Tuesday, July 14, 2009

Mars500: First Mission Complete!

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Taking a break from my Apollo "count up" today. Also taking an apparent break from watching Space Shuttle Endeavour NOT launch... (it's been scrubbed five times now!) to report an update on a very exciting simulation study. Of course, at the core, my blog is all about the details of "spaceflight simulation," and I'm always excited to see new developments in any category.

This past March, I read about a fascinating program being conducted by the Russian and European Space Agencies called the Mars500. A crew of six cosmonauts entered an amazing facility meant to act as a self-sustaining spacecraft, and study the effects of isolation, finite food and water, artificial atmosphere and communications during a trip to Mars. Their first 105-day simulation concluded today!

Mars500
The crew has undergone a range of scenarios as if they were traveling to the Red Planet – including launch, the initial journey, arrival on Mars, transfer to and from the Martian surface and the return trip home.

I've followed their adventures in medical testing, data collection, keeping up their greenhouse, exercising, conducting scientific experiments, running through daily “spacecraft” tasks as if they were in-flight, simulated "emergencies" and continual questionnaires about the effects of loneliness on their mood and motivation.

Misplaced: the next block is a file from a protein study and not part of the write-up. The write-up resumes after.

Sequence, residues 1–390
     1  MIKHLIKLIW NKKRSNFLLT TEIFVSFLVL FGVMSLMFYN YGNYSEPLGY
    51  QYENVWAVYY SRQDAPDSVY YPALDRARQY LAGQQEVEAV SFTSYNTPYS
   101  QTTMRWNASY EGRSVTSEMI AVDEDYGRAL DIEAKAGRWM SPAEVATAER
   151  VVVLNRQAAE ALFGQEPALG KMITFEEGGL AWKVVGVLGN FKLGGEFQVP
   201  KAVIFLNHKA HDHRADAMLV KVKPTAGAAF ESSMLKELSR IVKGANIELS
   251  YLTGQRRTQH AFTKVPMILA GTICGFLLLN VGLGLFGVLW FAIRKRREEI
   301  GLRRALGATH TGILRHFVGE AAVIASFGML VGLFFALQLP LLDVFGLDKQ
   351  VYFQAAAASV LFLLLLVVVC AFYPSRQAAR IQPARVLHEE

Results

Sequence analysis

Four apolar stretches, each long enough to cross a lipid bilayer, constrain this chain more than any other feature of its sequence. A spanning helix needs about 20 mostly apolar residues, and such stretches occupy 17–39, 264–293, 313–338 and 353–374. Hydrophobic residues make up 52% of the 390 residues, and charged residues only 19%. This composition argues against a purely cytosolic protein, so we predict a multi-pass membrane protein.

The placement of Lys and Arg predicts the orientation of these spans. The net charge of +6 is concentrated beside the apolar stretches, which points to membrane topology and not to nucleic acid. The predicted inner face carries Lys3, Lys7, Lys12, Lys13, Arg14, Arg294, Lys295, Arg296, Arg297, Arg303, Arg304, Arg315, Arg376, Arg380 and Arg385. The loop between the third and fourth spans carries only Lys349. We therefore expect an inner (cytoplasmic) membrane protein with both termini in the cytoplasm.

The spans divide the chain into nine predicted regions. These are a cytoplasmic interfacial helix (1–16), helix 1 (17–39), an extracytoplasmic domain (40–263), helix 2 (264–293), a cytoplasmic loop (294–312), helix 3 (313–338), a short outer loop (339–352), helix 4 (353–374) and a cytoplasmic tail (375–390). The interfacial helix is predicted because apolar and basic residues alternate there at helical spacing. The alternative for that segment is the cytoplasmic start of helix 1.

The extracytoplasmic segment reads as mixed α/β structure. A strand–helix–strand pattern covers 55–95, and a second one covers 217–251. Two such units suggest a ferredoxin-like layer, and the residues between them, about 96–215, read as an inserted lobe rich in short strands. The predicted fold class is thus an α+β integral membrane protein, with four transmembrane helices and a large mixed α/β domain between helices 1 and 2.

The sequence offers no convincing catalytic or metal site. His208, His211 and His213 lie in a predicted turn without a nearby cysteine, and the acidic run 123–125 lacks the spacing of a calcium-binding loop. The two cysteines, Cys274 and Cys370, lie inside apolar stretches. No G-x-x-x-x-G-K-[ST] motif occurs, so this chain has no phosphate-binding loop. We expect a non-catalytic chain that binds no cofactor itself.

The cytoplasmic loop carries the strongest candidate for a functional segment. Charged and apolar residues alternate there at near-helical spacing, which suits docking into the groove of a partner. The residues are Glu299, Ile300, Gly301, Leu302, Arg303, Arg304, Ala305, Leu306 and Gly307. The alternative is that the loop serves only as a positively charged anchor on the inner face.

They’ve done a great job, and none of the guys seem worse for wear, in spite of not seeing the sun for 105 days!

Mars 500
Their second simulation is scheduled for early 2010. This next program will isolate crew members for 520 days (the time needed to travel to Mars, stay for a month, and travel back to Earth)... but for the time being, they are just looking forward to seeing their girlfriends and enjoying the novelty of being outdoors.

Each member of the team took turns writing in their collective Mars500 Diary, which is truly a great read for anyone interested in the practical concerns we face in preparing to reach Mars.

2 comments:

Anonymous said...

this is cool. were they able to get up and walk around the "space craft" during "flight"?
They were not so much concerned about the effects of weightlessness like the study you did, right?

PillowNaut said...

Correct, they could walk around all they liked... they were studying the aspects of isolation, psychological impact of folks in closed quarters, making a self-sustaining food source, etc. :)